Have there been any crises?
Oh yeah. In 2007 Etsy featured us on the front page on “Cyber Monday.” It was my first holiday season. Before that we were selling one or two items a day, but my sales shot up to 40 a day. And nothing was made! It was just craziness. I would get up at 6:00 in the morning and sew until 2:00 am, and ended up flying my mother-in-law in to help.
We don't do that anymore, doing made-to-order work. You cannot catch your breath, or ever get out from under it. So I changed our production method to make twenty bags at a time. And now, rather than telling myself it’s worth it to make the sale, I mark things as sold out. Our last holiday was the best season we had ever had, and I took four days off for Christmas, which I hadn’t done before.
Is customer service important to the business?
Yes, very. Anytime a customer has a problem or an issue we respond right away. That said, I don’t operate on “the customer is always right” mentality, because it leads to the customer taking advantage of the business and it makes the business really unhappy. But every instance is an opportunity to give good customer service, so I respond to everything.
My favorite part of the business is to hear about how much someone loves our bag, and if we respond to that and just say, “Thank you for the story,” it goes a long way.
What is your work day like?
It’s always in constant flux. I’ve backed off all the sewing to focus on desk-oriented stuff, like working with our accountant. And lately I’ve been re-photographing all the bags, and working on the website. I’m still involved in the sewing every day, in order to keep everything working. I personally probably work 60-70 hours a week. It's taken me a while, but I'm getting to the point where I can have weekends off.
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You were never even a manager before opening Moop, and now you have employees. What have you learned?
The way I run the studio is not, “I’m the boss and you’re the employee.” I give lots of flexibility to my employees to take breaks, take a lunch, and stretch. But I'm still learning to strike a balance. One employee was taking advantage of my flexibility. So I told her her that I respect that she has a life outside of the studio, but I need everyone to be accountable for their time here. Which is a way of saying “I’m not taking advantage of you, please don’t take advantage of me,” but in a less abrasive way.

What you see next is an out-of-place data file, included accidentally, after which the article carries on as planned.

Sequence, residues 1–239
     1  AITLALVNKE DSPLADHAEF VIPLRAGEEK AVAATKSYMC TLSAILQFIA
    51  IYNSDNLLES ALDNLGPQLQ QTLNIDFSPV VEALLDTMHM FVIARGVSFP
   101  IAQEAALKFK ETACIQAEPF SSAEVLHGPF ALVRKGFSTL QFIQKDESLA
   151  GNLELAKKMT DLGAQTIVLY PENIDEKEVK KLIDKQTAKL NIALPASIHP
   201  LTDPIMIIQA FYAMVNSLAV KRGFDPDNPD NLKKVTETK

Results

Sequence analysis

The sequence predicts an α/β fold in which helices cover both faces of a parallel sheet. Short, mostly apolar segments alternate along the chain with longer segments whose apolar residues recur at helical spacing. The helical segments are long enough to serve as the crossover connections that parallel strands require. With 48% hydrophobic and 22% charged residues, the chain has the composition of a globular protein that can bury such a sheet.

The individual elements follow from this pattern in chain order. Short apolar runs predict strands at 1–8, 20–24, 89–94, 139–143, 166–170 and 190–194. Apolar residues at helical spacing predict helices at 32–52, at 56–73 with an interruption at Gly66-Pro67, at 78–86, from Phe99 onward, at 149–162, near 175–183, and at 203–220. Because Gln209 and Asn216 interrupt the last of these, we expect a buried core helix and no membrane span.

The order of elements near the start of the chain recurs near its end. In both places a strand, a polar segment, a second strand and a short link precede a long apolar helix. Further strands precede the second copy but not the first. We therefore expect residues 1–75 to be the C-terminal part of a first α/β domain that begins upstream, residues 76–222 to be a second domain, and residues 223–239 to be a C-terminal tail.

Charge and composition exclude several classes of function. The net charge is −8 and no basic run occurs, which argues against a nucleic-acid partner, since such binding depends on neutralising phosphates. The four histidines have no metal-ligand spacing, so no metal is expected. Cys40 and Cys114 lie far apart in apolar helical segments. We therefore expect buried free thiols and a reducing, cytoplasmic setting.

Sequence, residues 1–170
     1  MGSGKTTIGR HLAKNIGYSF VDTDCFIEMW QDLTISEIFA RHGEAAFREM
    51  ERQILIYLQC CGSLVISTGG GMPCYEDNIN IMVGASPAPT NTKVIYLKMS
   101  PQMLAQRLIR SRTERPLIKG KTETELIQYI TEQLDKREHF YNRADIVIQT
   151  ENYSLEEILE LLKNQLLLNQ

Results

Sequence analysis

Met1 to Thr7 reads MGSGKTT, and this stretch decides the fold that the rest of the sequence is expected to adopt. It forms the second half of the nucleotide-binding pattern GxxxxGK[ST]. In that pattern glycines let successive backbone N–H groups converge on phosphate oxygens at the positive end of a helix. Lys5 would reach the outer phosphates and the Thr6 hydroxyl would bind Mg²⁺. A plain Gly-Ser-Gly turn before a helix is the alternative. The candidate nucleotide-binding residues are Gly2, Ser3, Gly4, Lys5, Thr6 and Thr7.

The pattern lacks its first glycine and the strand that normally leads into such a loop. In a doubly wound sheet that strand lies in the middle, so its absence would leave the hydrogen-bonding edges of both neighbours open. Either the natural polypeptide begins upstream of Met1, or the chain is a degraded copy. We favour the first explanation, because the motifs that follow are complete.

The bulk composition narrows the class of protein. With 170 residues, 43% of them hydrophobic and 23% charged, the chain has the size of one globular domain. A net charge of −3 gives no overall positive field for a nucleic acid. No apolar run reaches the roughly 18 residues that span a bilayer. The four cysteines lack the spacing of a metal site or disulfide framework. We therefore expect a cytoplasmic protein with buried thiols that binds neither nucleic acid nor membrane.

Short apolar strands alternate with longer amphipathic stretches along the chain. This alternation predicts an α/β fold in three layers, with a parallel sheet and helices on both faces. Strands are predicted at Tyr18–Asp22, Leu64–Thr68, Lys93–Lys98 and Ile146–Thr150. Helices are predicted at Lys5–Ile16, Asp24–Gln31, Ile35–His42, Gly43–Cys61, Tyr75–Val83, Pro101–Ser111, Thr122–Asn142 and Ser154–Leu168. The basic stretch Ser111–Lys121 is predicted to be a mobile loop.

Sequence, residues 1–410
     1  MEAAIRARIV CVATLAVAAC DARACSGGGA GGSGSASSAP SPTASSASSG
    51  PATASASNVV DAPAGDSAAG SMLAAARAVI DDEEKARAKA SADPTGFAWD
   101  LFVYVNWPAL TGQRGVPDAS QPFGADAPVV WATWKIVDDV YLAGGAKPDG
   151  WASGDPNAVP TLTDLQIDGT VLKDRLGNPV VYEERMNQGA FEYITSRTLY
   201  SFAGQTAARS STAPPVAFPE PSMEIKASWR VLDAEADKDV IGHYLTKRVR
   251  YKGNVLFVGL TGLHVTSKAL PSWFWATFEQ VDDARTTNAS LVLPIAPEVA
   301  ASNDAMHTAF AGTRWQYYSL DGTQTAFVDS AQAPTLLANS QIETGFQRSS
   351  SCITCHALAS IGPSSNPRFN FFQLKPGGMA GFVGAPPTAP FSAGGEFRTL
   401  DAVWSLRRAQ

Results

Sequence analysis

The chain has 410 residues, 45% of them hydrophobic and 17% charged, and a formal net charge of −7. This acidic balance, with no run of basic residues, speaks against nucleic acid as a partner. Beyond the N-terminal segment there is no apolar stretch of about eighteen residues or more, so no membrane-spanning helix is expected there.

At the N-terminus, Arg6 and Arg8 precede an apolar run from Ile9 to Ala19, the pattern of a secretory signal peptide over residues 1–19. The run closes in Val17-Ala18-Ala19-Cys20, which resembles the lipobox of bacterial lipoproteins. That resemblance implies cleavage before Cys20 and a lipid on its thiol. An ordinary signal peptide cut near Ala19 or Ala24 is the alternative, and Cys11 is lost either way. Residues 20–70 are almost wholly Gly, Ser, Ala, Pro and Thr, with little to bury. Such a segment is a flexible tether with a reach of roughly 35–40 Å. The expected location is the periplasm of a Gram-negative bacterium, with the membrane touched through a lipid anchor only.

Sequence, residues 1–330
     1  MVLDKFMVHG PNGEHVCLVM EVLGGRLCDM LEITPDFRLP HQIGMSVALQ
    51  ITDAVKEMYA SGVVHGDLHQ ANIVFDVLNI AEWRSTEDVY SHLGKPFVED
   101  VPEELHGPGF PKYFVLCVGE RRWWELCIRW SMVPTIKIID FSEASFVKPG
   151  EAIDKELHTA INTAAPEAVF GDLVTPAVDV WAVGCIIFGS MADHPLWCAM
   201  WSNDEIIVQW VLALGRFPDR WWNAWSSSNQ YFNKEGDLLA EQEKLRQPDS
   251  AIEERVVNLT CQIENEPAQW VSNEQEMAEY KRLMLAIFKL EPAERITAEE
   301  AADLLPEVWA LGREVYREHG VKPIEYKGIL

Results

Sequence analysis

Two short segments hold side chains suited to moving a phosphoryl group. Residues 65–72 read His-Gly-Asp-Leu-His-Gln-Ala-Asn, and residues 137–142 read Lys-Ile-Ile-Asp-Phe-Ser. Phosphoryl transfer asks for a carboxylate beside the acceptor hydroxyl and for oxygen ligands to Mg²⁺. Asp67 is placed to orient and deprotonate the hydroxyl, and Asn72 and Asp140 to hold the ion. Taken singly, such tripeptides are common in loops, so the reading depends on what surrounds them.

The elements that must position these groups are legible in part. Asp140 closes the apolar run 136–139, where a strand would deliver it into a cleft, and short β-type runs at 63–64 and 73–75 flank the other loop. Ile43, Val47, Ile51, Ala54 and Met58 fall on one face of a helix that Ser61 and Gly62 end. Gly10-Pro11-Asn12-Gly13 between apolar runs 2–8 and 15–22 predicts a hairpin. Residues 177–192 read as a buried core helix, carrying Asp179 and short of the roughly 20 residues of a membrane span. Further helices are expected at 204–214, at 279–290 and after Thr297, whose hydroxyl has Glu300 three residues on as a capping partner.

Is there something else about the business that you wish you had known from the beginning?
If I had to start something new, I would have an accountant from the beginning. It's definitely worth the cost. We would spend hours and hours and hours working on the books, but there was a lot we didn’t know, so we ended up accruing all these penalties.
Any other problems you wish you could have foreseen?
A lot of the most expensive mistakes we’ve made were through advertising. We ran a very expensive ad--expensive for us, anyway--in a publication, but we didn’t see any change in sales. So we learned that the bigger publications aren’t the best place for us to advertise. Now we pretty much stick to smaller, more affordable blogs.
How do you choose what to sell?
I’ve been weeding out a lot of the styles that just don’t have a big enough profit for us. I have styles I like, and our customers like them, but if they aren’t making enough money, I have to eliminate them. Or else it’s just a labor of love, and you can’t run a business like that.
More Entrepreneurship 101
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Downs is giving away one Moop bag - any Moop bag - to a lucky LearnVest reader. To enter to win, check out the Moop collection, then comment on LearnVest's Facebook page with which bag you like the most, and what you would use it for.
UPDATE: Congratulations to our winner, Amber F.! She fell in love with Moop's Waxed Canvas Messenger bag for her hectic lifestyle. But don't fret, readers, we got Wendy to give out a coupon code to those who didn't win. Just hop over to our Facebook page to grab it.
Images Credit: Vinegar Hill Creative